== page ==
It has been more than a year since two New Zealand Unions – First Union and E Tu – launched a class action in the Employment Courts on behalf of 20 Uber drivers, seeking to overturn a previous decision classifying the drivers as independent contractors. In the original decision, the judge concluded that the drivers were not employees as they had substantive control over their earnings.
However, on appeal the court has determined that 4 Uber drivers are employees, and while the court does not have the jurisdiction to apply the decision across all drivers, there is anticipation of a wide reaching impact in the gig sector in New Zealand and potentially abroad.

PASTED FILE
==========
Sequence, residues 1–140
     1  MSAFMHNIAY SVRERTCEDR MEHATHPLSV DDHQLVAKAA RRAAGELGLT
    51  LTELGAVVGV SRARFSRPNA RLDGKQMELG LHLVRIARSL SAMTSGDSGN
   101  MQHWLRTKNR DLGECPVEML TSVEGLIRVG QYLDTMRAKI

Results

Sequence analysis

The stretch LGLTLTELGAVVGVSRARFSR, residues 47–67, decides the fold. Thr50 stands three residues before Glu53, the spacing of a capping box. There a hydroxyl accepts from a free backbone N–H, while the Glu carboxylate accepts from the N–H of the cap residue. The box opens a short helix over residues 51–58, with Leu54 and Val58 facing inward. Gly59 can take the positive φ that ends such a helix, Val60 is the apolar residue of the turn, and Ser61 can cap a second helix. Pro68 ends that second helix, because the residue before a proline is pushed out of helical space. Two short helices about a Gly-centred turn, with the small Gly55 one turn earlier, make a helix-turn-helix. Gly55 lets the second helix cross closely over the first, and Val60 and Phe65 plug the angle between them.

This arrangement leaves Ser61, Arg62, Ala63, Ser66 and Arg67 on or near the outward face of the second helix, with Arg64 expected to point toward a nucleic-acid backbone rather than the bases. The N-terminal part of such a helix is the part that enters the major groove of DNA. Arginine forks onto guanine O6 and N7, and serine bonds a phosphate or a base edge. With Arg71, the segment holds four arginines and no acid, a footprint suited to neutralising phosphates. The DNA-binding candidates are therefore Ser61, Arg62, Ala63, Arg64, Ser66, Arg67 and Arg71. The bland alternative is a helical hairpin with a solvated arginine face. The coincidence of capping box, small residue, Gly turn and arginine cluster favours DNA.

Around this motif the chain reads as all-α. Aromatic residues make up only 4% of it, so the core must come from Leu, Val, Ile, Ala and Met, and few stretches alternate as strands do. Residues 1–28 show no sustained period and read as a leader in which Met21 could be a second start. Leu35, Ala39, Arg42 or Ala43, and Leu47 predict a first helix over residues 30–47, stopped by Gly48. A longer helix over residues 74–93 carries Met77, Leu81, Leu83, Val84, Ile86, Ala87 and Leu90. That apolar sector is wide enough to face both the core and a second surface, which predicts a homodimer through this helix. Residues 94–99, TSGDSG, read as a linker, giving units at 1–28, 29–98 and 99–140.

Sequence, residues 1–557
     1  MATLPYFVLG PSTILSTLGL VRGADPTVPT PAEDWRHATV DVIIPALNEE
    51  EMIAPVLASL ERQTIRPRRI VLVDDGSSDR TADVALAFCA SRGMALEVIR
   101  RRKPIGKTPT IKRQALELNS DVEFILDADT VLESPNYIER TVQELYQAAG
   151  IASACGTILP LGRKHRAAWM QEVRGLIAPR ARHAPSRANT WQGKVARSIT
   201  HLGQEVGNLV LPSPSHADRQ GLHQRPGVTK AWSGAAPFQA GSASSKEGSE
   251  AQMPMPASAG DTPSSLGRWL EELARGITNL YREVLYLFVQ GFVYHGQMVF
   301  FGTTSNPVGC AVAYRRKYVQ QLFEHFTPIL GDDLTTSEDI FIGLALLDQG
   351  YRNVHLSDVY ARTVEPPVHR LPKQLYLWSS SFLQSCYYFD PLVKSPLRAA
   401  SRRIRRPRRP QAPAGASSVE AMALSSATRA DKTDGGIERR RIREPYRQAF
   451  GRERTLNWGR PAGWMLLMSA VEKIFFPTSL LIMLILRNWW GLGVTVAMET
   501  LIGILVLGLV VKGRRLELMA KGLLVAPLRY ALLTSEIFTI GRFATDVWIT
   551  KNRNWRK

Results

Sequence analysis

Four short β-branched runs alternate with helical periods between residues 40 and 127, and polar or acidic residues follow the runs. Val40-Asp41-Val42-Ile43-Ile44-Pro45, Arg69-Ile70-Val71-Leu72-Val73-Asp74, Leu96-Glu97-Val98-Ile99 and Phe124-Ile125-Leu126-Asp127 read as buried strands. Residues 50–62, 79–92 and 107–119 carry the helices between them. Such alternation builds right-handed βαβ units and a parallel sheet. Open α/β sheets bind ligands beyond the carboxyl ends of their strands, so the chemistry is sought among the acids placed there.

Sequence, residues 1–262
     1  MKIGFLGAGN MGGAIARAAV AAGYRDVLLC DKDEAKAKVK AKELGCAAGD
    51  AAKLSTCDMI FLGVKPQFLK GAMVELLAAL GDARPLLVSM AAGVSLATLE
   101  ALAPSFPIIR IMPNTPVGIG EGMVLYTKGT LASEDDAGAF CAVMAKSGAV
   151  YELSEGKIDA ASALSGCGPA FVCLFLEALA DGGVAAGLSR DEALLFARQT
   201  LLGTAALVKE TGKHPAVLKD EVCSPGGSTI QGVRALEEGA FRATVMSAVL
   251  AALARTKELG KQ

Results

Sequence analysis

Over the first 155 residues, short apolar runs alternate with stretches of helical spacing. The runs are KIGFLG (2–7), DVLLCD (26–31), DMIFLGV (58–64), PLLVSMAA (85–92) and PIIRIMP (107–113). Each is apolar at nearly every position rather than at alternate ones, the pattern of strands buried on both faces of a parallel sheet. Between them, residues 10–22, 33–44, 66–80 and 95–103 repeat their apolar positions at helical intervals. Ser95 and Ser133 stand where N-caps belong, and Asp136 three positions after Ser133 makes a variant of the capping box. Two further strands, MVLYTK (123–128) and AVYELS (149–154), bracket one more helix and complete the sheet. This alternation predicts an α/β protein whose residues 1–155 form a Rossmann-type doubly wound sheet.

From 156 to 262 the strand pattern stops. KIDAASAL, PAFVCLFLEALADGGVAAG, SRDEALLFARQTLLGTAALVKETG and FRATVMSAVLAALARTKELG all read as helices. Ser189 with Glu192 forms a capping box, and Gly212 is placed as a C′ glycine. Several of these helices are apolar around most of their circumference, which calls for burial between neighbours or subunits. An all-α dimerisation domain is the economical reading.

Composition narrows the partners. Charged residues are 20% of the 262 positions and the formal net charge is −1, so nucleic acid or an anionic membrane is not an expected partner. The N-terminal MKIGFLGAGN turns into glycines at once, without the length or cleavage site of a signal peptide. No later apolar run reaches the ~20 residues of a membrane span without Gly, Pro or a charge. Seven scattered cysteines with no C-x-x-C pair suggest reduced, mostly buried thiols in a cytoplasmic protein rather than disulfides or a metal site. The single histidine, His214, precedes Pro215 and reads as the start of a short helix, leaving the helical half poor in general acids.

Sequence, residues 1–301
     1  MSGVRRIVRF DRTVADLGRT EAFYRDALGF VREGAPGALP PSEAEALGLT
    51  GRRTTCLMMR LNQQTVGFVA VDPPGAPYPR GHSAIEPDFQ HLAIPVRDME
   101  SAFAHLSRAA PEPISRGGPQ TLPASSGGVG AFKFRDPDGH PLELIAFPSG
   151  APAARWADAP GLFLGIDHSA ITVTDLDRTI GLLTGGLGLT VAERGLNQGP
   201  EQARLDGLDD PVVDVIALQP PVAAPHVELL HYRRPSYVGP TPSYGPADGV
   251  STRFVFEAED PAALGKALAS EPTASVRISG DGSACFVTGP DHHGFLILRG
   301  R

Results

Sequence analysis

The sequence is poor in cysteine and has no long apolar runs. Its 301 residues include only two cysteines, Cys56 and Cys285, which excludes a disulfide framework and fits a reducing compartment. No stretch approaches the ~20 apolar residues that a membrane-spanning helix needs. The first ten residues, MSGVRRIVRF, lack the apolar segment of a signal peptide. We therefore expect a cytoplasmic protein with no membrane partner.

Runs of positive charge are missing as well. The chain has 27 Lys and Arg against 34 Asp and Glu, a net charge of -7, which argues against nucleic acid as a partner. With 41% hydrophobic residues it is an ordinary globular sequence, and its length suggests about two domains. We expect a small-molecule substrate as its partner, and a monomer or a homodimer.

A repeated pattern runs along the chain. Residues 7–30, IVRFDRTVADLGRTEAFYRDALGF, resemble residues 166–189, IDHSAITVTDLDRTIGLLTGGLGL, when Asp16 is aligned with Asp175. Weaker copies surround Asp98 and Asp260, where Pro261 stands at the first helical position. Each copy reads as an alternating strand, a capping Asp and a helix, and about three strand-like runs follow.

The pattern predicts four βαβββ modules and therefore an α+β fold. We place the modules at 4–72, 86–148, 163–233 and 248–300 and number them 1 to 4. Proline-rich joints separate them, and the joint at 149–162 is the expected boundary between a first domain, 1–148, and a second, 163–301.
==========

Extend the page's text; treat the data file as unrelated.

In reaching the determination, the court found that Uber did indeed exercise a high level of control over the driver’s earnings, and that the drivers were engaged in activities which were primarily in ‘Uber’s interests’. Despite written contracts which intended for the drivers to be independent contractors, the real nature of the relationship was the primary consideration.
This contrasts with the conclusion of the Australian courts earlier this year, which afforded primacy to the written contract over the nature of the relationship and subsequent behaviour of the individuals.
Outlook for employers: While gig workers are the current focus of employment relationship challenges around the world, platform worker relationships are increasing in many business sectors. Wherever employers engage specialised workers in a flexible manner there is potential for risk and debate in the definition of the employment relationship.